Whether a large academic or corporate campus or residential neighborhood, the need for thorough yet efficient exterior lighting can seem like a daunting task. Not only can an electrical engineer design improvements to your existing exterior lighting, but we can also help you from the beginning of the planning phase. Through an exterior lighting study, we equip you with all the information necessary to decide where to begin and how to address your campus’ lighting needs.
We start by establishing a baseline criteria based on the Illuminating Engineering Society’s (IES) lighting level standards of measurement in foot-candles (FC). Each area surveyed falls into one of three categories of measurable illumination:
- Deficient: Areas that have illumination less than the minimum level of security (less than 0.2FC)
- Minimum: Areas that have illumination between the minimum and enhanced levels of security (0.2FC – 0.5FC)
- Preferred: Areas that have illumination above the enhanced levels of security (more than 0.5FC)
To measure the lighting levels, we utilize a custom cart equipped with a light sensor and GPS data logger. The cart has a modified steel arm to hold the sensor away from other objects or people to avoid shadows and ensure accurate data. With this cart, a two-person team walks the area over the course of several nights (depending on the size of the campus or neighborhood) to collect data and take photos. Light readings are conducted at intervals of approximately 15 feet, while the equipment logs data every one second to provide more sample data for evaluation. Each point of raw data contains latitude and longitude, elevation, the illumination reading (in kLux), and the exact time. From there, the data is converted as necessary and sorted into the three aforementioned categories.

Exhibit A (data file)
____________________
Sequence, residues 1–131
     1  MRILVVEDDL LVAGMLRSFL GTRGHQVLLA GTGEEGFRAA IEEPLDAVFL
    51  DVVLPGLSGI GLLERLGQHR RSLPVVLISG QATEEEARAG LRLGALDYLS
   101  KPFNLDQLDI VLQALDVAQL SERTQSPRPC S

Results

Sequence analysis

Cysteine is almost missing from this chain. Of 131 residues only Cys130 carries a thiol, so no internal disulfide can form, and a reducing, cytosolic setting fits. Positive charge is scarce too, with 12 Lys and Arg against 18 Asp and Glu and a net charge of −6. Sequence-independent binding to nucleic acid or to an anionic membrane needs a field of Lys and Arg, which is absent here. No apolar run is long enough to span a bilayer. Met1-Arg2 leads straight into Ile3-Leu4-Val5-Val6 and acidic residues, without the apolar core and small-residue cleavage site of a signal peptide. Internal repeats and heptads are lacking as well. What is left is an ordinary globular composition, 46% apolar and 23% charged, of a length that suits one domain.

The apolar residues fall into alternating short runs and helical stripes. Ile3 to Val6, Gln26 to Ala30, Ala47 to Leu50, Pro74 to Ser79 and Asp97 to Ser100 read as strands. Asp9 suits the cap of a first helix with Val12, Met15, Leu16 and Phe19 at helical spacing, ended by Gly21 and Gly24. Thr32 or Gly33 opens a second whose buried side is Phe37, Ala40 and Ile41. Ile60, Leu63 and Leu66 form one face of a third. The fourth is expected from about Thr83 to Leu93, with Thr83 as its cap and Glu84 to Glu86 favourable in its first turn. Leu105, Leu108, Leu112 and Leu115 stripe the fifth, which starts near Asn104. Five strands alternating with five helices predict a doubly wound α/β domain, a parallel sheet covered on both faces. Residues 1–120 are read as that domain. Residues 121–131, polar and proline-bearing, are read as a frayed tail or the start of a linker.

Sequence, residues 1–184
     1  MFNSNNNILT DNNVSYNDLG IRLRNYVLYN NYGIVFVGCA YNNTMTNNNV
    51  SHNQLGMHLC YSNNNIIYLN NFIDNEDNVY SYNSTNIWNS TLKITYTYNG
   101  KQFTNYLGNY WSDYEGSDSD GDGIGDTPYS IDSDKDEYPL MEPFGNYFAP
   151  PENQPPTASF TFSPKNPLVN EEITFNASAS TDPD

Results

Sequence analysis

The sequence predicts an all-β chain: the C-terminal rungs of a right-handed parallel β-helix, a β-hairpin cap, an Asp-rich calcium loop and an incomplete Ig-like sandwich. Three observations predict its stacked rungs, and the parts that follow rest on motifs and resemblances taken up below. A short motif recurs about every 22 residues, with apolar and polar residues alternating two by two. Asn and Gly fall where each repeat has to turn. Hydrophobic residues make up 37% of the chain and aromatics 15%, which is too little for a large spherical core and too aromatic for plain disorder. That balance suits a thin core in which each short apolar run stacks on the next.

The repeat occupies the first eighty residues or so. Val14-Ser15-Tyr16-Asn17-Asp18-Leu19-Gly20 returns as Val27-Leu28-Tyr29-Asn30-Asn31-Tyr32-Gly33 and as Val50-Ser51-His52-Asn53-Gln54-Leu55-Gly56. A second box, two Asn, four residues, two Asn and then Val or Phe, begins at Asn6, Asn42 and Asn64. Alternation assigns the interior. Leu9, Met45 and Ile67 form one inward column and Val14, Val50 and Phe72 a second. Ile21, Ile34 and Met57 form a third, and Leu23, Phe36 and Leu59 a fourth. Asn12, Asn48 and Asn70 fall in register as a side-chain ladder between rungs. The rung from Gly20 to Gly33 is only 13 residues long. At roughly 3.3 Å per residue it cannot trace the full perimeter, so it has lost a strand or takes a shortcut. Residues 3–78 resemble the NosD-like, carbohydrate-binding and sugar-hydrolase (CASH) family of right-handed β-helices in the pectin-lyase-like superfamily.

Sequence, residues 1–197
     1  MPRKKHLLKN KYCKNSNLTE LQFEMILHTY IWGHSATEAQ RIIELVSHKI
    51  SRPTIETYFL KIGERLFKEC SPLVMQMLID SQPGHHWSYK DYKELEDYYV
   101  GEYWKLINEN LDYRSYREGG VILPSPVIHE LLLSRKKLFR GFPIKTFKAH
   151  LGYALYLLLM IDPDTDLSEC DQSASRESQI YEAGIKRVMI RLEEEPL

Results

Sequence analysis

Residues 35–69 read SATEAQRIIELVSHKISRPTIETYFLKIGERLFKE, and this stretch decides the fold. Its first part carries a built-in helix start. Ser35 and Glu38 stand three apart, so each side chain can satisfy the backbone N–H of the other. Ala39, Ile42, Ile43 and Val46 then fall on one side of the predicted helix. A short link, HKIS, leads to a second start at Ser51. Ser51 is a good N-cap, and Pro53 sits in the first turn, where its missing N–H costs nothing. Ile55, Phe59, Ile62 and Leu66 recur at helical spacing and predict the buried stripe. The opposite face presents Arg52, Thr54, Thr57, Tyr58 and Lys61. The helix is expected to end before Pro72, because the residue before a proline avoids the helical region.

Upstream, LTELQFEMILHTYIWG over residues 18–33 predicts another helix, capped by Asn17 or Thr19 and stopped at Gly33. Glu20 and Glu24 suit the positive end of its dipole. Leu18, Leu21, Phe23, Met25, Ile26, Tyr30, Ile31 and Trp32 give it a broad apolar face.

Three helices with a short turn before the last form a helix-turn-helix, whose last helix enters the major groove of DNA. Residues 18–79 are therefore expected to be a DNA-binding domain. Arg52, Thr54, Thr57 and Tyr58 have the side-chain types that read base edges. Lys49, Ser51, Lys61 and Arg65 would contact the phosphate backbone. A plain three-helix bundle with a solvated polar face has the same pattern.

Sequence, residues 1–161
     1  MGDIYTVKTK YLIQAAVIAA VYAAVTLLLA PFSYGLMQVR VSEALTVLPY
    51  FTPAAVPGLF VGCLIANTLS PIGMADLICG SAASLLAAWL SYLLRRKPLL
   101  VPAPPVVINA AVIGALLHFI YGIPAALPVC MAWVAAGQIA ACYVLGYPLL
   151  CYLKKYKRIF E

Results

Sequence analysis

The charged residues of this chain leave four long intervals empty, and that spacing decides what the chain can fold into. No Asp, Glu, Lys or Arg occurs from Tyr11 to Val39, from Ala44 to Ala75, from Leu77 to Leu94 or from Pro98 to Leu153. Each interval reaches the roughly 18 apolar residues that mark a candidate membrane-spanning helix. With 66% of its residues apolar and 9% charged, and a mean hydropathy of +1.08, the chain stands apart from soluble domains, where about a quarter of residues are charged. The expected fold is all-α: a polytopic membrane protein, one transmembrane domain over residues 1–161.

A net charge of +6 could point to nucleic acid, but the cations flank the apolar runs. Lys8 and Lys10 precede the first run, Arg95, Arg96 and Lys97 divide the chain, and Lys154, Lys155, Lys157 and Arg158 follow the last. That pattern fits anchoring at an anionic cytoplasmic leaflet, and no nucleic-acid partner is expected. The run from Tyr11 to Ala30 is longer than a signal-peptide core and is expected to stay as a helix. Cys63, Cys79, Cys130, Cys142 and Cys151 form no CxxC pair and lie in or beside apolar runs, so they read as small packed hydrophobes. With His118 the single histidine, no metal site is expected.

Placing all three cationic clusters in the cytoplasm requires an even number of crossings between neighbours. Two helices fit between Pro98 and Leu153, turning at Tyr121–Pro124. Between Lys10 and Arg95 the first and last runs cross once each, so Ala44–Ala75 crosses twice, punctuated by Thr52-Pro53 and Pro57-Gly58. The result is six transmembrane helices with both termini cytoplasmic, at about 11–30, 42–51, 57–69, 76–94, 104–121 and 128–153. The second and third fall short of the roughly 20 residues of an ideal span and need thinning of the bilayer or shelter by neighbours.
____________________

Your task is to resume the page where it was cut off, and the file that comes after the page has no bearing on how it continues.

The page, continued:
Once we complete our data collection and analysis, our deliverables to the client consist of a report, photos, and recommendations. PDF files show maps of each area measured with colored hatching and measured foot-candle readings (as shown below). Our recommendations, presented in a spreadsheet format, call out the areas where lighting should be repaired, replaced, upgraded, or added, or where vegetation needs to be trimmed. These recommendations are based upon field observations, in addition to the data collected, and differing uses for each area are taken into account (i.e. a parking lot versus remote areas).
At the completion of such a study, the client is equipped with the information necessary to prioritize and set aside funding for campus lighting improvements, as well as an action plan to address any stakeholder concerns. From there, should the client decide to move forward with improvements, BHB is available and happy to provide further electrical engineering services.
With the use of the GPS data logger tool, frequency of data can be expanded and taken more frequently, opening up the opportunity to survey different types of projects. It could translate well to large sections of roadway, walking trails, or special districts. A map like this combined with recommendations is great for organizations needing to prioritize funding or set up future projects.
For more information about conducting an exterior lighting study, contact Thomas Wilson at firstname.lastname@example.org.